Why there was a National Emergency during 1975 in India?

The 1975 emergency in India is considered to be one of the darkest phases in the history of Indian Democracy. The National Emergency was declared under the reason of internal unrest and a rebellion-like situation in the country under Article 352 of the Indian Constitution. But here are the bigger reasons that formed the background for an emergency in the country:

Economic Conditions in India before 1975

Indo-Pak war and the creation of Bangladesh had put India into Economic turmoil in the year of 1971-72. Poverty and unemployment started hitting the economy hard giving massive blows to progress and development of the nation. Slow industrial growth and failure of monsoon in 1972-73 further added to the misery in the lives of the people. Thus, discontent among the masses was at its pinnacle.

The leadership of Indira Gandhi

Undoubtedly, Indira Gandhi is one of the greatest political leaders that India had ever had. However, during the years 1971-75, her activities were surrounded by controversies. She was also a very autocratic leader and could play with power and prestige to keep her position untouched in Indian Politics.

Student movements in Bihar and Gujarat

Students movements in Bihar and Gujarat began under the able leadership of Jayaprakash Narayan and Morarji Desai respectively. There were agitations against the rising prices of food grains and all the other essential commodities. The Congress was defeated in June 1975 in the elections conducted in Gujarat. The movement under JP Narayan assumed a national character in the form of bandhs, strikes, and 'gheraos'. These movements were beginning to influence national politics.

Railway Strike of 1974

In the history of Indian Railways too, this has been one of the ugliest period and one of the mammoth strikes in scale and depth that has been recorded so far. Under the leadership of George Fernandes, the Railway employees went on a strike for their bonus and service condition demands. The Government declared the strike illegal and did not consider any of the demands leading to nationwide unrest of the workers.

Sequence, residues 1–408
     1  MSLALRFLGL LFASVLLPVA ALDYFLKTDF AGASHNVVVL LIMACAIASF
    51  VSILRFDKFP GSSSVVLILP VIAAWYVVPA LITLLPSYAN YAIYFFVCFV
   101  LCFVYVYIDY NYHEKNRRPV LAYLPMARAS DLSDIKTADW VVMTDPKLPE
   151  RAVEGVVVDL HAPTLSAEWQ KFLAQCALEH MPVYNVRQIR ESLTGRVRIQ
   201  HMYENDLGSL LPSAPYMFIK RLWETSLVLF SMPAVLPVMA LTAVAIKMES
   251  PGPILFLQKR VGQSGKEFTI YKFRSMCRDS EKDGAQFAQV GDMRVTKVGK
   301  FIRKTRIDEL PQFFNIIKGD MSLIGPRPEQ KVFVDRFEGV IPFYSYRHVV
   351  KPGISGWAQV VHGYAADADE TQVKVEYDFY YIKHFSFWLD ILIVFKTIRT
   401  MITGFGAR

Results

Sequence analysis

Parliamentary Supremacy v/s Judicial Authority

There was also tension mounting between Parliament and Judiciary. After the landmark judgment of Keshavananda Bharati Case, Justice A N Ray was appointed as the Chief Justice of India brushing off the principle of seniority. Justice Jagmohan Lal Sinha of Allahabad High Court on 12th June 1975 gave the verdict that the Indira Gandhi’s election to Lok Sabha stands invalid.

This verdict came on the grounds that there was a misuse of government servants and machinery for election campaigning by Indira Gandhi. On 24th June, the Supreme Court passed the judgment, which stated that she could be a Member of Lok Sabha but cannot participate in the proceedings. This is considered as the major cause of IG declaring the emergency even today.